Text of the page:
February 22, 2012

The Hobbit

Two birds with one stone with this one. This book satisfies the requirements of both the TBR Double Dare and my book club.  Of course, the meeting for this one isn't until next month, but there you go.

If you hadn't heard, Mr. Tolkien made up this story for his children however many years ago and it has been a popular and classic addition to our culture ever since.  Of course I've always meant to read it but it wasn't until C.B. poked me with his Double Dare stick that I finally got around to it.  I give no credit to my cronies in the book club; I had it on my TBR list before they added it to this year's slate of books.  Obviously many others want to catch up before the new movie versions make their way to theaters.

Briefly, long ago there were in fact elves and magical dwarfs and dragons and wizards and a little people called hobbits.  One of their number, a Mr. Bilbo Baggins, is gently tricked by the wizard Gandalf to accompany a crew of Dwarfs through the Misty Mountains and help them defeat a greedy dragon named Smaug so they can reclaim their rightful home.  How is this quiet little hobbit supposed to do this?  By burglaring of course.  It seems incidental that he has no actual experience as a burglar.  Lucky for him (but unlucky for his cousin Frodo in later tales) he happens upon a magic ring that allows him to become invisible.  This is clearly an advantage in his pursuits as a burglar.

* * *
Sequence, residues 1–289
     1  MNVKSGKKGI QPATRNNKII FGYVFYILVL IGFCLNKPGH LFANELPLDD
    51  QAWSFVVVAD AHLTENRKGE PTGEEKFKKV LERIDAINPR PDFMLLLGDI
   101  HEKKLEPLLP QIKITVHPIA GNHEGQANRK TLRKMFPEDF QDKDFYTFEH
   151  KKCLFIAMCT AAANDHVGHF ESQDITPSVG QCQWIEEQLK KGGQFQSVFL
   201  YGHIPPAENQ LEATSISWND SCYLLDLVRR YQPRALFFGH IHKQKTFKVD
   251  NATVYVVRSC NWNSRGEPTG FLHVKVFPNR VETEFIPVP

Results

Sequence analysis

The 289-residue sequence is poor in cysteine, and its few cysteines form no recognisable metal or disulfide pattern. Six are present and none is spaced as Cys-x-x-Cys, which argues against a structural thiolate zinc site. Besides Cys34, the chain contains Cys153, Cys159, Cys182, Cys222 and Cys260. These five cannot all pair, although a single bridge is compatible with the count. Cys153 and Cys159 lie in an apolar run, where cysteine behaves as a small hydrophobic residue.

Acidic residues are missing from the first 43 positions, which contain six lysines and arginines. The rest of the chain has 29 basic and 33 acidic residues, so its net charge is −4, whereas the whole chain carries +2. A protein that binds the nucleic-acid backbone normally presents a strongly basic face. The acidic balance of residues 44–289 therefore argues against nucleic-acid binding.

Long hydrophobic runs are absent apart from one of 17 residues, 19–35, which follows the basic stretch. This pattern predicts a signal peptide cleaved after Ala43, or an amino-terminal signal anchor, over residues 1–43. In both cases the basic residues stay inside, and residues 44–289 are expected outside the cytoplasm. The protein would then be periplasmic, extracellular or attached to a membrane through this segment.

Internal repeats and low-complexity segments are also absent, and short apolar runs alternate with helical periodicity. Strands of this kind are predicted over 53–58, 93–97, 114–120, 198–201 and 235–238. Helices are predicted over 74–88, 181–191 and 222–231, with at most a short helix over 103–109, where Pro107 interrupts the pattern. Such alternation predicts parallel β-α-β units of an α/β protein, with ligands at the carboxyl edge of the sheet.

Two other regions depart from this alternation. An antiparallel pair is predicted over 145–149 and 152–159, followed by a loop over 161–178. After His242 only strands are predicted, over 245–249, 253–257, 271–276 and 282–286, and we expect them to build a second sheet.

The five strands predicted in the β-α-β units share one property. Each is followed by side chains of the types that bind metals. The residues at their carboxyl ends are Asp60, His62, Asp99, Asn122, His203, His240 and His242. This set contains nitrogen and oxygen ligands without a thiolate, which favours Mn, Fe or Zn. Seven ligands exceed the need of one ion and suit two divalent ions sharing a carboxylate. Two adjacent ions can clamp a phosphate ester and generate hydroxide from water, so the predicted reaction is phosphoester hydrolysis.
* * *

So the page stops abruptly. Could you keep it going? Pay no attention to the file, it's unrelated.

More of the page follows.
So we have fantasy elements along with the time-honored tradition of basic greed.  What set this far above other, similar tales, is the beautiful and rich way it is told and the warm and striking figure of Bilbo.  I liked it even more than expected.  I thought it would pale in comparison to the Lord of the Rings, but in some ways it is actually better.  It's obviously a tighter story but the character of Bilbo is even more compelling than that of Frodo in the later tales.

For the record, I listened to the Rob Inglis audiobook version and I can't recommend it enough.  I'm sure the ensemble recordings available now are good as well, but this guy was amazing.  He apparently did the whole Lord of the Rings as well which I may have to get to someday.  It was an brilliant performance.


C.B. James said...

I've long held that The Hobbit is the best book Tolkien wrote. Much tighter, as you say, better characterization, better constructed scenes and more entertaining interplay between the characters.

And there's none of that droning on for chapters about what to do.

Glad to hear the TBR Double Dare could be a service.

Ms. Yingling said...

I read The Hobbit in middle school, when all my friends were Tolkien geeks. (We had a party when the Rankin Bass version was aired.) However, it took me until I was 32 to read the rest of the series, and I only read it then because I was ill and pregnant and it was February!